I use this command to transcode video lectures primarily composed of static images with only the lecturer's voice overlaid.
ffmpeg -ss 00:06:00 -i input.mp4 -filter_complex '[0:v]fps=fps=1[v1],[v1]interlace[v2],[0:a]dynaudnorm[a]' -c:v libx265 -x265-params bframes=16 -crf 45 -c:a libopus -ac 1 -b:a 24K -ar 16K -map "[v2]" -map "[a]" output.mp4
-ss 00:06:00: cut out the first 6:00 minutes from the video. This will obviously reduce the length of your video but also its size. I use it to leave out the duration between the meeting start and when the lecturer starts speaking. there are also
-to options to cut from the end of your video.
-i input.mp4: the input file. it is designated
 when referenced afterwards. This is because some ffmpeg commands take multiple input files
ffmpeg -i input1.mp4 -i input2.mp4 ... output.mp4 and they would be numbered as
   ...
-filter_complex: I am going to define a set of filters applied on the audio and the video of my input file, separately.
[0:v]fps=fps=1[v1]: the first filter takes the video stream from input
 and reduces it's framerate to 1 frame/second. I call the output video stream
[v1] but, you could call it anything.
This will produce a laggy video output. I don't care about that since my videos are static images. I guess you wouldn't too since it's only important to identify the speaker's face. you should experiment a little with the different values of this filter. I recommend something between
[v1]interlace[v2]: This will take the video stream
[v1], interlace it, and output a video stream called
[v2]. Interlacing a video stream means that instead of displaying every line of pixels from that video on the screen every frame, each frame of video now displays a line of pixels and skips the next. and the human eye will make up the difference. the advantage of interlacing is that you could halve the frame rate (further) of your video stream without making the video appear more laggy.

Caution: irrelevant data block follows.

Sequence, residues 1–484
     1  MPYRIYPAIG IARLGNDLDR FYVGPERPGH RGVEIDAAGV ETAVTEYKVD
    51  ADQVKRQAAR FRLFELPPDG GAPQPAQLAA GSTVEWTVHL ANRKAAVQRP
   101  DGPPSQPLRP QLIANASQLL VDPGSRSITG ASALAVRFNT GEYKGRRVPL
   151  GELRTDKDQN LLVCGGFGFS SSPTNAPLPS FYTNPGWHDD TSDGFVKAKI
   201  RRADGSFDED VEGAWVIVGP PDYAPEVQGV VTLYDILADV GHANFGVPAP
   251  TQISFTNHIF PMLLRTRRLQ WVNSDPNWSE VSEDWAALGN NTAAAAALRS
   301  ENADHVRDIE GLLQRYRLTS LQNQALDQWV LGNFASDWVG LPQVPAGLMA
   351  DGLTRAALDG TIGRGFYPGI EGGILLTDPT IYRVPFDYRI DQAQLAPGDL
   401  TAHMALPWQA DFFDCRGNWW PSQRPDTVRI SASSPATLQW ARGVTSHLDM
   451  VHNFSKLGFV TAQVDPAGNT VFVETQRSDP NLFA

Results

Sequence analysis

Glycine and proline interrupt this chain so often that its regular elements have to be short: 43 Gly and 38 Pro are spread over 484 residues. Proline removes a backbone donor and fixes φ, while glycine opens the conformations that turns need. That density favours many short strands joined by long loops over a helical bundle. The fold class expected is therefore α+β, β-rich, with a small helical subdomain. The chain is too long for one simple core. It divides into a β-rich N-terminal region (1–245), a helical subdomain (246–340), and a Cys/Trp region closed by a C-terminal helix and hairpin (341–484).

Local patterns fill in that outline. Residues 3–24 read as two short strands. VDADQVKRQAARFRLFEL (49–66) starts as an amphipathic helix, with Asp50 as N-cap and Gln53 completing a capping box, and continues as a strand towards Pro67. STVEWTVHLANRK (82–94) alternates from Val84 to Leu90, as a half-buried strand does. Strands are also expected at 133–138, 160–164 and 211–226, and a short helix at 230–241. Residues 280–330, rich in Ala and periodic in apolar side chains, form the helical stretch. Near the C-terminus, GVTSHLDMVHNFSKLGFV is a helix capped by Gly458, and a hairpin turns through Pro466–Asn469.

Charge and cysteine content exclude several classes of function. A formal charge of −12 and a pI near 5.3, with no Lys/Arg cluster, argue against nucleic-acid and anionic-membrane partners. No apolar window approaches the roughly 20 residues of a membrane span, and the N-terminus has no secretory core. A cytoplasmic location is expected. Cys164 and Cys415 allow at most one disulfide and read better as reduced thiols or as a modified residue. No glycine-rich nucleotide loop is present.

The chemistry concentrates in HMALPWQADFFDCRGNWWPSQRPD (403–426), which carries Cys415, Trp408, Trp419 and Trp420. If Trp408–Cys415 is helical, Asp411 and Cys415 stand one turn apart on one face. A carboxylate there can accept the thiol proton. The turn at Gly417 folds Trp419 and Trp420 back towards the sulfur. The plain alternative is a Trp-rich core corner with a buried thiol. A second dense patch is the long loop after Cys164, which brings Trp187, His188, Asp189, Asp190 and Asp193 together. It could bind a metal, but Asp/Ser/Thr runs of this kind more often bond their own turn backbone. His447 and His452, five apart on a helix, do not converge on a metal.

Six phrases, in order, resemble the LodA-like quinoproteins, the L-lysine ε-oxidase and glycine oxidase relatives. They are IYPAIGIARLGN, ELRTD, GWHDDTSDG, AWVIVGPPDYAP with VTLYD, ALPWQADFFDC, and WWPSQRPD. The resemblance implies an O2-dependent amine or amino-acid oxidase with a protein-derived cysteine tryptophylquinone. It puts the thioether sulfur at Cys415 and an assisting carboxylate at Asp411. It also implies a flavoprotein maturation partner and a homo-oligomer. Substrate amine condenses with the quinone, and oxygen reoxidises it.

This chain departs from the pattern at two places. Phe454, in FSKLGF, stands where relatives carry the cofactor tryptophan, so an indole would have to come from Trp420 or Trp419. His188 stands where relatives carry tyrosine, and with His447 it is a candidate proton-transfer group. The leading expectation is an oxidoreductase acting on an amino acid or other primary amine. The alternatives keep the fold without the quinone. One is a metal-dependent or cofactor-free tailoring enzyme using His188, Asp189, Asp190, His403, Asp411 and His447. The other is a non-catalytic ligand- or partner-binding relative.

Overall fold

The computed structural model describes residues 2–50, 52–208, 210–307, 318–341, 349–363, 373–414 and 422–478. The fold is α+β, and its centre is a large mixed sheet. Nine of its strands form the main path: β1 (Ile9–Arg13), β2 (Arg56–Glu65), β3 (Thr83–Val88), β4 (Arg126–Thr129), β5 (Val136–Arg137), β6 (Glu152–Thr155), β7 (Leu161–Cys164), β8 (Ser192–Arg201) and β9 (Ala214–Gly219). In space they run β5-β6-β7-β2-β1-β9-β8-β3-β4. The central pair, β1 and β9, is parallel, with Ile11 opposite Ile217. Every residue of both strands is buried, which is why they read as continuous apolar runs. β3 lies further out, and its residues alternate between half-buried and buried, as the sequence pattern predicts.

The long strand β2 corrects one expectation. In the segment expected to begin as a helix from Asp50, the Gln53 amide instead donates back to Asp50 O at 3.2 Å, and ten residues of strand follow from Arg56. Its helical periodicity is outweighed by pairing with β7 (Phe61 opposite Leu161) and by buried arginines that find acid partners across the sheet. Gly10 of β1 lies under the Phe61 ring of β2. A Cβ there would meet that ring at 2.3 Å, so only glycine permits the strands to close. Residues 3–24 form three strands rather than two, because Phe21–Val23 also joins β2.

[0:a]dynaudnorm[a]: will take the audio stream of your input file and normalize it. This filter lets
ffmpeg decide how to normalize audio itself and allows it to change the characteristics of that audio. This is bad for music but, Ok for speech.
There are many other filters that I do not use but could be beneficial for other use cases. for example
cropdetect to crop the height and weight of your video (in case you have large black borders) reducing file size,
scale to change height and width without cropping,
arnndn (Thread from Superuser), and the
sox command (tutorial) for noise cancellation. since audio is the only important aspect of your file you could use the
silencedetect filter to detect the places in your video where there is no audio. then cut these parts out with a second ffmpeg command.
-map "[v2]" -map "[a]": This tells ffmpeg to use
[v2] video streams and
[a] audio stream as the audio and video streams of the output file.
-c:v libx265: sets the video stream codec to
x265. roughly speaking, codecs decide how bits are translated to video. Better codecs will translate more video details for fewer number of bits.
x265 is among the more efficient codecs and transcoding your video from the old
x265 could alone reduce video size by 50%.
-x265-params bframes=16: This is passed directly to the
x265 encoder. I don't really understand what this parameter does. but I noticed that it more or less does the same thing as the
fps filter. using both of them however reduces file size more than using either of them alone.
16 is the largest possible value for this parameter.
-crf 45: reduces video bitrate (bits/second) to achieve fixed quality. the higher this value, the lower the quality will be. the default value is 28 but I often use values between
51 (largest possible value) when I don't really care about video quality.
-c:a libopus: This will change the audio codec to Opus. Opus is a very efficient audio codec and has special setting for speech. it decides whether to use these settings or not based on bitrate and sampling rate settings which we discuss shortly.
Note that transcoding audio from a lossy codec (e.g.
opus) to another lossy codec will reduce the quality of your audio. you should not do this often if your audio contains music. human speech however can withstand several rounds of transcoding. This does not happen if you transcode audio from a lossless codec (e.g.
flac) to a lossy one. also, note that you can't apply filters (e.g.
dynaudnorm) without transcoding.
-ac 1: This converts stereo audio (2 audio streams or 'channels', each for every ear) to mono audio (the same audio plays in both ears). This will halve the audio bitrate without affecting audio quality (unless your audio has stereo music, which is not the case in video meetings).
-b:a 24K: This limits the audio bitrate to
24000 bits. This is very sufficient for human speech if you use Opus. This value will vary according to the codec you use. List of possible bitrates for libopus
-ar 16K: This limits the audio sampling rate to
16000 Hz. This is sufficient (Maybe?) for human speech if you use Opus. List of possible sampling rates
output.mp4: output file name.